Posted by: Tyler Rippeteau
June 25, 2011
With review #17 on The List completed, the first project here at 20 Beers in 20 Nights will need to go on a bit of a hiatus. While there are only three beers to go, they will all require some waiting. AleSmith’s YuleSmith is due out any day now, Founders Devil Dancer is due out in July and Dogfish Head’s 120 Minute IPA,
well, that might not even get released this year just came out.
So that is where we stand with Project #1. In the meantime, the woman and I have finally picked a date in mid-July for the big move out to Colorado and while we are still here I wanted to make sure to get a Chicago-related list under my belt. So, for Project #2 I am going to make an effort to review 20 Chicago beers before mid-July. This project will be known from here on out as The Chicago Beer Project (CBP). The CBP will require some hustle on my part, but I think I can make it happen before the end of July and at the very least I’ll be able to bring a few bottles out to Colorado and finish up the process once I’m out there.
The big question at hand is what beers will the Chicago Beer Project include? Of course, I am not simply going to review the first 20 Chicago Area beers I get my hands on. My goal for the CBP is to create a list of 20 Chicago Area beers that every beer-loving Chicagoan and every Chicago beer-tourist should make a point to try. Narrowing a list like this down will neither be easy nor without controversy, but in the end I expect to have a well-rounded variety of styles, breweries and beers represented. Plus, I think the controversy will make it a little more fun.
So what is a “Chicago Area Beer”? Well, this is a tough question to answer, but given that there are several outstanding breweries in the suburbs that help influence the beer culture within the City itself it would be unreasonable to rule them out.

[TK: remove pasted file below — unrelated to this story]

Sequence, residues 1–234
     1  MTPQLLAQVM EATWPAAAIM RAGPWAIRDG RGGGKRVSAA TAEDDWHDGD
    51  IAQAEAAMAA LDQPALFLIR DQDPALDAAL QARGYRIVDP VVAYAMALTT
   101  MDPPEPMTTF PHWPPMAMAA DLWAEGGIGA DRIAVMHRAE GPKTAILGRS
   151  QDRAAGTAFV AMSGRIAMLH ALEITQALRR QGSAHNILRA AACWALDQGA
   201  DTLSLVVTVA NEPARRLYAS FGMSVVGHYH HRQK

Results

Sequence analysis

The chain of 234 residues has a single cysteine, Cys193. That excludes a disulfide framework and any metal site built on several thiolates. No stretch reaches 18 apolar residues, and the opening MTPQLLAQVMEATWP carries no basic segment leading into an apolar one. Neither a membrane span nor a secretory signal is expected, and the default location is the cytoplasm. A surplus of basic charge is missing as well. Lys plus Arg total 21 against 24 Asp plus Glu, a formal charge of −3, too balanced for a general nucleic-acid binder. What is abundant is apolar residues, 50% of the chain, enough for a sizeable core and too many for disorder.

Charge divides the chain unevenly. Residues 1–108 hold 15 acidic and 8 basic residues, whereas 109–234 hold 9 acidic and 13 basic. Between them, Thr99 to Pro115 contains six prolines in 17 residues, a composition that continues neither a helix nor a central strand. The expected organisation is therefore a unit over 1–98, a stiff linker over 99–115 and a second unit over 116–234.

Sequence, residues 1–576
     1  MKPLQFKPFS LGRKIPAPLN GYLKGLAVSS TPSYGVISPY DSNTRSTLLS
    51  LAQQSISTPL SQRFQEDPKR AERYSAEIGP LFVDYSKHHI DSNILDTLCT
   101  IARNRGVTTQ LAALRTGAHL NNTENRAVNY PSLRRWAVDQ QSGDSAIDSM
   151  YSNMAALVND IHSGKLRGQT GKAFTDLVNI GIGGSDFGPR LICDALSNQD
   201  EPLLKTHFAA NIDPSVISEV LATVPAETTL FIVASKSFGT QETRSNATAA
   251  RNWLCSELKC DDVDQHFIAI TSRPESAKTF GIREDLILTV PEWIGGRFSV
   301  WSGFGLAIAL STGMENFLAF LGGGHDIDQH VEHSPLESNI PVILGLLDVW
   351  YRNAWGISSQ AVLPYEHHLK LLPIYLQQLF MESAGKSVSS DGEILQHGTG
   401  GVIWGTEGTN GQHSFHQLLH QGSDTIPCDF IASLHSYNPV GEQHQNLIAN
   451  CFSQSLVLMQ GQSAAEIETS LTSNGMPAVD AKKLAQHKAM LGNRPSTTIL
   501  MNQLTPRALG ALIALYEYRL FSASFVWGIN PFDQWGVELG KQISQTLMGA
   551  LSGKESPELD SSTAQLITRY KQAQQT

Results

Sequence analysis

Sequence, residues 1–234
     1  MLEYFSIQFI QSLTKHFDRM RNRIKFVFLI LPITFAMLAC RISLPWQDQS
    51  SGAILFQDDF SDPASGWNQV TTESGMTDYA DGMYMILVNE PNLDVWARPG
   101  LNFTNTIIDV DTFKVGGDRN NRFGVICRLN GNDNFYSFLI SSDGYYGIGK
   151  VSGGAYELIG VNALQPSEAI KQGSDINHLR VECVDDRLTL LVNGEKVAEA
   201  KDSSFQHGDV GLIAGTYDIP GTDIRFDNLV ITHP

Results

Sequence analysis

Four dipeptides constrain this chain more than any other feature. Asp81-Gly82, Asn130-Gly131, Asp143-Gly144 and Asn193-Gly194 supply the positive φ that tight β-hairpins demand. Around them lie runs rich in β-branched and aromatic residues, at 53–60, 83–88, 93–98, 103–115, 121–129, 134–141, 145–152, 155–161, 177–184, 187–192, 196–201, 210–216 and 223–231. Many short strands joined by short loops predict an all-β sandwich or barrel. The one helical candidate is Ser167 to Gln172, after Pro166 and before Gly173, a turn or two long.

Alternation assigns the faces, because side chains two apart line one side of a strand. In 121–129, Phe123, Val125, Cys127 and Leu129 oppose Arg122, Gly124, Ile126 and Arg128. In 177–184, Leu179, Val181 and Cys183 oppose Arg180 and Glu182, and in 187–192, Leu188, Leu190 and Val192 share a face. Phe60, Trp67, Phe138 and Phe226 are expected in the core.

In order for a beer to be considered a Chicago Area Beer for the purposes of this list it must be brewed and readily available within what is known as the Chicago Metropolitan Statistical Area (or CMSA). Additionally, the company which brews the beer must be based in the CMSA and if it is brewed in one of the non-Illinois counties that are a part of the CMSA, it must be distributed in Illinois. Basically, it has to be brewed by Chicago Area people for Chicago Area people.
This brings us to the awkward question of what to do with Goose Island products. While Goose was certainly this city’s pioneer in the craft beer world, the company is no longer owned by anyone in Chicago, in Illinois or even in the United States. In late March of this year, the Chicago-based brewing company announced that it would sell out to Anheuser-Busch InBev. For that reason alone, I will not be including any Goose Island beers on the Chicago Beer Project’s list. I have already had dozens of people arguing me on this point (although, dozens have agreed with me as well) telling me that leaving them out makes this list incomplete. I understand and respect that opinion, but here is my reasoning behind my choice:
What it boils down to is that the purpose of this project is to do a small amount of promotion for Chicago’s craft beer culture. Goose Island’s new parent company has spent decades working to wipe out any and all competition by any means necessary, legal or illegal, moral or immoral. Don’t believe me? Here’s a link to “Beer Wars”, it’s an excellent place to begin learning about what Anheuser-Busch is really all about.
My firm belief is that A-B will not discontinue these practices anytime soon simply because they own a craft brewery. They will continue to make every effort to make life miserable for the little guys and the little guys are exactly who I am attempting to promote with this project. Therefore, promoting Goose Island is completely counter to my goal here and it will not be done.
Anyhow, the more important matter at hand is not which beers I will be excluding, but which beers I will be including on the list. So far, I have ten of my own, and I am still looking for nominations for the other ten. Keep in mind that I want to try to avoid seasonals and limited releases in order to make sure people who wish to attempt to try them all have a chance to do so.
My list so far in no particular order:
1. Panama Limited Red – Flossmoor Station Restaurant & Brewery
2. Anti-Hero IPA – Revolution Brewing Company
3. Mathias Imperial IPA – Haymarket Pub & Brewery
4. Gumballhead – Three Floyds Brewing Company
5. Resistance IPA – Two Brothers Brewing Company
6. Daisy Cutter Pale Ale – Half Acre Beer Company
7. Pullman Brown Ale – Flossmoor Station Restaurant & Brewery
8. Eugene American Porter – Revolution Brewing
9. Iron Works Alt – Metropolitan Brewing
10. Dysfunctionale – Piece Brewery & Pizzaria